Can You Hear Us Now? - Press Materials

Trailer:

Small-town activism. Nail-biting elections. A last-minute power grab. In Wisconsin, where extreme partisanship has become the norm, voters are finding their lives increasingly irrelevant to state lawmakers. Through the stories of four tireless women fighting to have their voices heard, Can You Hear Us Now? unravels the ways that years of one-party rule have reshaped democracy in a state at the center of American politics.





Press Contact
Susan Peters
susan@twelveletterfilms.com


Reviews

"A moving, if disturbing, portrait of some of the best and worst features of contemporary American political life. Can You Hear Us Now? puts a face on the meaning of partisan gerrymandering, as a Republican minority in the state changes the rules to keep itself in power and thwart the will of the people. At the same time, the film offers inspiring local narratives of citizens mobilizing and running for office to protect their most fundamental interests and democracy itself. Everyone who cares about the future of American democracy should see it."- Alex Keyssar, Professor of History and Social Policy, Harvard University, Author, The Right to Vote: The Contested History of Democracy in the United States

"One of the most important documentaries you'll see all year." - The Soul of Wisconsin: “Can You Hear Us Now?” Documents the Fight for Democracy - Catherine Capellaro, The Isthmus

"This film is a compelling exposition that reveals the systematic suppression of voters in Wisconsin and how the featured activists fought back. The stories of these four remarkable women show the extent to which democracy itself is under siege by politicians determined to pick their voters instead of letting the voters pick their politicians. This terrific documentary illuminates the esoteric arguments about gerrymandering, voter suppression, and voting rights and the way those issues intersect with democracy itself." - Charles Anthony Smith, Professor of Political Science and Law, University of California-Irvine, Co-author, Gerrymandering in America and Gerrymandering the States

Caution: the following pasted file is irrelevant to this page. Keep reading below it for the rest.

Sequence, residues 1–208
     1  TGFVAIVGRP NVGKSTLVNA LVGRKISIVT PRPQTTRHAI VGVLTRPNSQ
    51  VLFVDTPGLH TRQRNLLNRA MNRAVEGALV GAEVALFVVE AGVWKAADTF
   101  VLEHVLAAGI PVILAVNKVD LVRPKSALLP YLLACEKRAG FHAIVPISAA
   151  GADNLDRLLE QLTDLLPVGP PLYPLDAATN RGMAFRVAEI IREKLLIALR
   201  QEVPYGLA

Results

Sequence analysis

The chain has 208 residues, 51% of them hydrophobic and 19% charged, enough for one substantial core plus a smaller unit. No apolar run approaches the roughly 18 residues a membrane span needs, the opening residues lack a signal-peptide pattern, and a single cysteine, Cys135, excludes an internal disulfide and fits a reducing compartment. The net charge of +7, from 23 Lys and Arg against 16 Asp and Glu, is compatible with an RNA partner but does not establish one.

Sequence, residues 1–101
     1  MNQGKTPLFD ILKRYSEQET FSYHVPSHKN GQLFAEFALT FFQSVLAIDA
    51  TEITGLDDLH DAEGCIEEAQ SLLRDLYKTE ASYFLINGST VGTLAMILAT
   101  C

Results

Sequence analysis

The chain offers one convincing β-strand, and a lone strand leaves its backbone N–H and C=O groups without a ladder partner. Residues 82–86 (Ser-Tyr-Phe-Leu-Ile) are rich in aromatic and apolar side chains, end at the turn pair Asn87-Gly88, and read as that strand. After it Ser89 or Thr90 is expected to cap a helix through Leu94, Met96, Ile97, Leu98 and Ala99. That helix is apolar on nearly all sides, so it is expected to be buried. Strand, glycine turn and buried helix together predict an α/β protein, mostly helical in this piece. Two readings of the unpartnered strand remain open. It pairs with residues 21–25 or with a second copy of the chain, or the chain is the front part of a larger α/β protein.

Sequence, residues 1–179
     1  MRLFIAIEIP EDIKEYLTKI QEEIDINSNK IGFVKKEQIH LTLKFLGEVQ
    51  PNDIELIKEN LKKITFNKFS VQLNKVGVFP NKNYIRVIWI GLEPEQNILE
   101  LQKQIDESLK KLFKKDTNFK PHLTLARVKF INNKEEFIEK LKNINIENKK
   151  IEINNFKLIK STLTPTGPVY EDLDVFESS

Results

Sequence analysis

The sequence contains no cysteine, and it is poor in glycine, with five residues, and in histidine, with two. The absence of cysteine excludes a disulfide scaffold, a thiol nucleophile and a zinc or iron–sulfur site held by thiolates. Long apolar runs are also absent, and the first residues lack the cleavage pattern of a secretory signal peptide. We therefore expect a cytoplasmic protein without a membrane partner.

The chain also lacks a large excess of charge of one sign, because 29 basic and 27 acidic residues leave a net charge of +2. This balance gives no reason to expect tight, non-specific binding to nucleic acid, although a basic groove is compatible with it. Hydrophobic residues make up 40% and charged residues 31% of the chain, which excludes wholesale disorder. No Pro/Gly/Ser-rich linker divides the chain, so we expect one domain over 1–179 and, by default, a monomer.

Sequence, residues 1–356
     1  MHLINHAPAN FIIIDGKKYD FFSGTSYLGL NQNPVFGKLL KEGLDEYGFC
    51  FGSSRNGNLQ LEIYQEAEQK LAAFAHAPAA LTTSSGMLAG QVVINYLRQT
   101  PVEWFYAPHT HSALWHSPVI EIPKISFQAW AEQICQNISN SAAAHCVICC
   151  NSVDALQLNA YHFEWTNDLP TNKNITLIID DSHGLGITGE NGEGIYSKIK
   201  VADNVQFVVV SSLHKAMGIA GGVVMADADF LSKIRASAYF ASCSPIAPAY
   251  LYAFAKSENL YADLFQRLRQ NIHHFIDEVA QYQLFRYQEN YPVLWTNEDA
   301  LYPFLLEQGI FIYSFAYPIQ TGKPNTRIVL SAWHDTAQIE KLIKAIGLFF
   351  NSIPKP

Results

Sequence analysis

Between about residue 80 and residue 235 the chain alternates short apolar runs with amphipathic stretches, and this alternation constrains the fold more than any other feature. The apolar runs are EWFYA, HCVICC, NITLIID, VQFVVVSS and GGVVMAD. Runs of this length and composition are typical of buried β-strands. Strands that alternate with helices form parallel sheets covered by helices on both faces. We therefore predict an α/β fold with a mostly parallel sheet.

"Can You Hear Us Now? is a gripping story of how gerrymandering allows numerical minorities to maintain control of policy-making and power in America.... It weaves human stories into a narrative of democratic decline and shows how extreme gerrymandering can lead to the misrepresentation of voters." - Christian Grose, Academic Director, USC Schwarzenegger Institute, Professor of Political Science and Public Policy, University of Southern California, Author, Congress in Black and White

"You want to know what's wrong with democracy in Wisconsin? Watch this film! Perceptive and poignant and at times enraging, Can You Hear Us Now? shows you how Scott Walker, gerrymandering, and the American Legislative Exchange Council muffled the voices of We, the People, in Wisconsin. But it also shows the fighting progressive spirit that lives on in Wisconsin as We the People demand to be heard." - Matt Rothschild, Executive Director, Wisconsin Democracy Campaign

"Can You Hear Us Now? is a gripping story. These are the ordinary people who take the plunge to improve their state by running for public office to restore fairness in the economy, the environment, and political system itself. A key roadblock to their success is the gerrymandered districts that allow legislators to ignore what the public wants." - Barry Burden, Professor of Political Science, Director of the Elections Research Center, University of Wisconsin-Madison

"A riff on the Frank Capra classic, Mr. Smith Goes to Washington.... Can You Hear Us Now? shows the uphill climb that first-time candidates have in unseating well-funded incumbents in districts drawn to favor them." - 'Can You Hear Us Now?' Shows the Unfair Fight that is Wisconsin Politics - Rob Thomas, The Cap Times

"A bracing document, laying bare the state of our state." - UW Cinematheque  - Cinematalk podcast with Director Jim Cricchi & Producer Susan Peters

Can You Hear Us Now “tells what it feels like to be disenfranchised in Wisconsin” - Erik Gunn, Wisconsin Examiner



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